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Q&A: Walter Hamscher, XBRL International

You could say that PricewaterhouseCoopers consultant Walter Hamscher began his work with the XML standards consortium XBRL International more than a few years ago while he was working on his PhD in computer science at MIT.

He was working with artificial intelligence and needed some data to feed the programs, but was frustrated by the lack of quality in formatting of the financial data available to him.

Years later he would help write the first version of XBRL , or extensible business reporting language, which is a subset of XML , the fundamental building block behind the Web services movement to standardize and enable machines to share and interpret data.

As the organization explains, XBRL uses XML data tags to describe financial information for public and private companies and other organizations. XBRL International and other standards bodies work together to produce specifications and taxonomies that anyone can license for use in applications. XBRL is also available to license royalty-free worldwide from XBRL International.

These days, Hamscher spends every waking hour talking, walking, breathing and preaching his message about how XBRL will revolutionize not only how we use and share financial data, but how that data will improve how money makes the world go round.

He recently chatted with internetnews.com about the timetable of the XBRL revolution.

Q: Can you talk about the mission of XBRL International?

It has over 200 members around the world working on XBRL, which is an XML standard that is meant to facilitate the transfer of financial information along the business information supply chain.

The idea is by creating a common framework, a common XML standard, you can accelerate the flow of information to investors and other users.

Q: How would you characterize how business information is currently exchanged in the electronic world?

It's very grounded in a paper-based paradigm. The kinds of rules and regulations that accounting standards bodies put forward are often based on the presumption that the information is coming to the investor on an 8 1/2-inch by 11-inch sheet of paper. Today, the majority of information that investors get actually comes over the Internet.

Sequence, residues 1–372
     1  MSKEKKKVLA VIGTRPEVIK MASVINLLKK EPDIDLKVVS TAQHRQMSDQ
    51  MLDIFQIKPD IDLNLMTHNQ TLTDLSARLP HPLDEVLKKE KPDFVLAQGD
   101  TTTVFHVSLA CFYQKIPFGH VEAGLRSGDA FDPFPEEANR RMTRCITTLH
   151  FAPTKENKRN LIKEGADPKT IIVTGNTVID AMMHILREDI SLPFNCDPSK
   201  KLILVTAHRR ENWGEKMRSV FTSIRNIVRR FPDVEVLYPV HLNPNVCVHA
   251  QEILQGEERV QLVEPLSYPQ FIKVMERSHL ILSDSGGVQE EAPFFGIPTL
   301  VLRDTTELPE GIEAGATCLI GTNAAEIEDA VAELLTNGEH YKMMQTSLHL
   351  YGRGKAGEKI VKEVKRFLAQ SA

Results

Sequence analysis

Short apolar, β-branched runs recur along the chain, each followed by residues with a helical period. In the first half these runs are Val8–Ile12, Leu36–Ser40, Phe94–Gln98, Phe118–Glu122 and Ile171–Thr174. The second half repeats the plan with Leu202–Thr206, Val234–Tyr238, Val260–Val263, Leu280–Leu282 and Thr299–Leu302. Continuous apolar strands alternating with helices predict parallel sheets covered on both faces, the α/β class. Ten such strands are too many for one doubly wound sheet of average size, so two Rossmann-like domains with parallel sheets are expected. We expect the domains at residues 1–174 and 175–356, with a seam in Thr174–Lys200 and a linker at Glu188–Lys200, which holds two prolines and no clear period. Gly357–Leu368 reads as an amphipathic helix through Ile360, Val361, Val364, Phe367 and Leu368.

The real difference here is between finding something that allows you to read a document versus actually being able to get at the data, to be able to make comparisons between one company or another, or to take advantage of financial information in a report that has structure to it, and cross linkages and relationships between pieces of data.

When you're working in a paper-based paradigm, however, you get a piece of paper every six months or every quarter. Consequently, changes from one piece of paper to the next are not that easy to detect. Whereas if you think of this as exchanging a small database every three months, it's much easier to spot trends over time and differences.

Furthermore, if you have a common language for describing the data in those documents, then it becomes possible to compare different enterprises, and longitudinally, that is, to compare different entities to one another.

Q: Can you talk about the process of coming up with taxonomies, and provide some context on how they work with XBRL?

If you look inside any organization's accounting system, everything is consistent or it wouldn't work. The customer account number is called the customer account number, the employee number is called the employee number, and so on.

No accounting system exists in a vacuum. Many companies have a whole host of different financial reporting they have to do, that isn't always captured entirely within their accounting system. There's always supplemental information, regulatory reports, information for business partners -- so a whole host of different kinds of financial reporting occurs outside of that central accounting system. And the larger it is, the more likely that it has different reporting systems running.

XBRL creates a common language in which a data point like a customer number or employee ID, or amount or currency, are always called the same thing and so an app that needs to consume that (data) will know what to do with that.

In HTML, for contrast, you have designations like 'b' for bold and 'i' for italics. Well, in the financial world, there's a vast variety and a much larger vocabulary than that. With XBRL general ledger standards, for example, there are well over 50 different data items in order to capture what are called journal entries in an accounting system. A journal entry might be, say, a $1,000 credit to an account.

There is a lot of other business information that's often packed into those records, or entries. If you ever used a personal accounting package, there are the memo (data) fields, credits and debits data, and so on. The XBRL general ledger standard is basically a consistent way of naming all those different parts.

It's very useful because there are sorts of systems that feed an accounting system, that feed what are effectively journal entries to an accounting system. Now, once you get to a level of an enterprise, there are also financial reporting standards that can involve hundreds if not thousands of distinct concepts. Sure, everybody knows what sales, revenues and expenses and fixed assets are. But any reasonable company has a huge variety of different disclosures that are mandated by law both in this country and others.